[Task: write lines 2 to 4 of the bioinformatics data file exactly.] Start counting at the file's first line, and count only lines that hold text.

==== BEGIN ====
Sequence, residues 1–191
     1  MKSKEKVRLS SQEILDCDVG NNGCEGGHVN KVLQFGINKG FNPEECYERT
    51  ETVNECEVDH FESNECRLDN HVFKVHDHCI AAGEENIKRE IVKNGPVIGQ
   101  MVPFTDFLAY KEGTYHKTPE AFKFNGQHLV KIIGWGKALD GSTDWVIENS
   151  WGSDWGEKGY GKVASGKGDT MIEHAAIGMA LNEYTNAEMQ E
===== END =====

     1  MKSKEKVRLS SQEILDCDVG NNGCEGGHVN KVLQFGINKG FNPEECYERT
    51  ETVNECEVDH FESNECRLDN HVFKVHDHCI AAGEENIKRE IVKNGPVIGQ
   101  MVPFTDFLAY KEGTYHKTPE AFKFNGQHLV KIIGWGKALD GSTDWVIENS